Here Is How Patton Conquered One of Europe's Deadliest Nazi Fortresses

February 11, 2018 Topic: History Region: Europe Blog Brand: The Buzz Tags: PattonWorld War IIHitlerNaziwarArmyU.S. ArmyMilitaryHistoryGermany

Here Is How Patton Conquered One of Europe's Deadliest Nazi Fortresses

In the autumn of 1944, Third Army’s eastward dash ran into well-entrenched Germans and miserable weather at Europe’s strongest fortress.

Lieutenant General George Patton’s Third Army had come a long way since it was activated on August 1 in Normandy. Following the breakout from Normandy in late July, Patton’s army had swept 400 miles in one month’s time all across central France to the Lorraine region, where it was met by General der Panzertruppen Otto Knobelsdorff’s First Army, which was determined to defend the Moselle line.

Nevertheless, the XII Corps under Maj. Gen. Manton Eddy on Patton’s right, or southern, wing, was able to cross the Moselle and concentrate at Arracourt, while his other corps, the XX Corps, under Maj. Gen. Walton Walker, aimed directly for Metz.

Reinforced by General der Panzertruppen Hasso von Manteuffel’s 5th Panzer Army in the middle of the month, Knobelsdorff’s First Army was in a position to launch a major counterattack against Eddy’s XII Corps bridgehead. A surprise attack against Eddy’s right flank at Lunéville on September 18 marked the beginning of a protracted 11-day tank battle in which German forces tried unsuccessfully to isolate and destroy Eddy’s bridgehead on the east bank of the Moselle.

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Throughout the course of the Battle of Arracourt , the Germans were constantly forced to scale back their objectives when the Americans successfully parried one blow after another. During the fighting, Maj. Gen. John Wood’s 4th Armored Division––dubbed “Patton’s Best” by its members and “Roosevelt’s Butchers” by the enemy––was able to inflict heavy losses on German panzer units.

The fighting fizzled out when German Führer Adolf Hitler transferred Manteuffel’s Fifth Army north at the end of the month to counter the Allies’ moves against the West Wall, as well as part of preparations for a planned winter attack through the Ardennes.

Patton on the Defensive

On September 25 12th Army Group commander Lt. Gen. Omar Bradley had ordered Patton to go on the defensive so that precious fuel reserves could be channeled to Allied forces engaged in Operation Market Garden, a major operation designed to capture key bridges in Holland. The shortage of fuel meant that Patton was unable to follow up his victory at Arracourt with a counterstroke that might have allowed his troops to reach the West Wall before the onset of bad weather.

Loud grumbling from Patton could do nothing to change the situation. Still, the Third Army’s commander was too impatient to sit idly by with German forces within striking distance. At the end of September 1944 fuel wasn’t the only commodity in short supply for the Third Army. Patton’s men also lacked howitzer ammunition, rain gear, blankets, and sufficient rations. Morale dipped as a result, and Patton set about finding a way to keep his troops in the fight––regardless of the dismal supply situation.

As soon as Patton received the official word that he was to take a defensive stance, he submitted to Bradley a plan he had drawn up that he hoped would enable him to continue limited offensive operations. “The whole plan was based … on maintaining the offensive spirit of the troops by attacking at various points whenever my means permitted it,” Patton wrote in his memoirs. In addition to keeping his various units in fighting trim, these limited attacks were meant to adjust the Army’s line in key places so as to give the units favorable departure points for resuming full-scale offensive operations once more fuel became available.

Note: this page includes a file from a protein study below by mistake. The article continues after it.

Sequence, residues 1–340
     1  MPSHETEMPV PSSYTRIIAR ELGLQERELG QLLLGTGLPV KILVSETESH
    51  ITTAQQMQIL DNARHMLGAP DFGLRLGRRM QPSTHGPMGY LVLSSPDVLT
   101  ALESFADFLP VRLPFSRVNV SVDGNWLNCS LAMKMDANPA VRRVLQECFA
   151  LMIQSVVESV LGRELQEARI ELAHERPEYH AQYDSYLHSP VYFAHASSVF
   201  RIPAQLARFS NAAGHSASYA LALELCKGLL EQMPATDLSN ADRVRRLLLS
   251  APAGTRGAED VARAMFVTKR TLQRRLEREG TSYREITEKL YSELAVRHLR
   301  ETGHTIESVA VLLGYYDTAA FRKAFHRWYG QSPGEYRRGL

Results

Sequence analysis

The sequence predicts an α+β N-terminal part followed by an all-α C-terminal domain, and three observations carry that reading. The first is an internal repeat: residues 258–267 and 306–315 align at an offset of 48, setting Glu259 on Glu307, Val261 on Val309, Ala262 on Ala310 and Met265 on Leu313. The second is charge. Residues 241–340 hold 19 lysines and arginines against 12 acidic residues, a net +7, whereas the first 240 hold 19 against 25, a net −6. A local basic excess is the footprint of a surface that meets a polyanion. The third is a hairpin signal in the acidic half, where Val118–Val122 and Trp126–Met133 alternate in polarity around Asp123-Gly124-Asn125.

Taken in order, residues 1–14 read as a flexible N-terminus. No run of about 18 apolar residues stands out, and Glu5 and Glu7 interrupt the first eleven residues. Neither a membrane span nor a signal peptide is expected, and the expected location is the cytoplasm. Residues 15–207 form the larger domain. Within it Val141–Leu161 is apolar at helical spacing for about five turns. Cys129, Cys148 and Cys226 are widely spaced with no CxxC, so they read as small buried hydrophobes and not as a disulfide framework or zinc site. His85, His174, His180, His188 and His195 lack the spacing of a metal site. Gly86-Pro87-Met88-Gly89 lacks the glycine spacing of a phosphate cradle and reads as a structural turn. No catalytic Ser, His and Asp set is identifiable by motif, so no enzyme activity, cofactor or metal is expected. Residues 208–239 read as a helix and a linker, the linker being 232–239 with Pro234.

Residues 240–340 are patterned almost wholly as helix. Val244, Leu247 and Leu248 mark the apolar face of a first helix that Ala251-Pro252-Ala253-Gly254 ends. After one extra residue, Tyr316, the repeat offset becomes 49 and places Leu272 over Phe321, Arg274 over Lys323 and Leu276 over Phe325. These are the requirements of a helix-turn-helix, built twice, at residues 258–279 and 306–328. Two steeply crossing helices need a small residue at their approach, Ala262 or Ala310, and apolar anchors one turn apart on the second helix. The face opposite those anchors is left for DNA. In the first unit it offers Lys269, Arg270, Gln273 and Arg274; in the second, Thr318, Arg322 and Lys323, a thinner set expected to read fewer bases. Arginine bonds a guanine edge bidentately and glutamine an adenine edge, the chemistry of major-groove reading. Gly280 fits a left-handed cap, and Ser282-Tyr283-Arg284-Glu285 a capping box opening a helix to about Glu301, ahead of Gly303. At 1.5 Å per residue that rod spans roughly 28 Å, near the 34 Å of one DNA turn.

While Eddy’s XII Corps units had firmly established themselves to a depth of 15 to 20 miles on the east bank of the Moselle, the one division of Maj. Gen. Walton Walker’s XX Corps that had managed to cross the Moselle just south of Metz in September remained in a precarious position. Maj. Gen. Leroy Irwin’s 5th Infantry Division had crossed at Arnaville on September 10, but since then had been contained by the veteran 17th SS Panzergrenadier Division in fortified positions atop high ground to the east.

The continuing reorganization of Allied forces on the Western Front left Patton with four veteran infantry and two armored divisions with which to prosecute his limited attacks in early October. Maj. Gen. Wade Haislip’s XV Corps was reassigned to Lt. Gen. Jacob Devers’s Sixth Army Group, which lay to the Third Army’s south, while the 7th Armored Division was transferred from Walker to Lt. Gen. William Simpson’s Ninth Army. In return, Patton was promised three new divisions between mid-October and the first week of November.

The German Order of Battle at Metz

The main German force responsible for holding Metz was Knobelsdorff’s First Army, which belonged to General der Panzertruppen Hermann Balck’s Army Group G; Balck kept a close hand in the First Army’s operations. The German First Army had lost the cream of its forces after September. The crack 3rd and 15th Panzergrenadier Divisions were transferred north as part of the assembly of elite units to counter Allied moves against the West Wall (and, as mentioned, to prepare for Hitler’s coming winter offensive that would be known as the Battle of the Bulge). Another unit, the veteran 553rd Volksgrenadier Division, was sent south to join the Ninteenth Army. Of the First Army’s nine divisions, only four had offensive capabilities. The other five, because of a lack of equipment and experience, were capable only of static defense.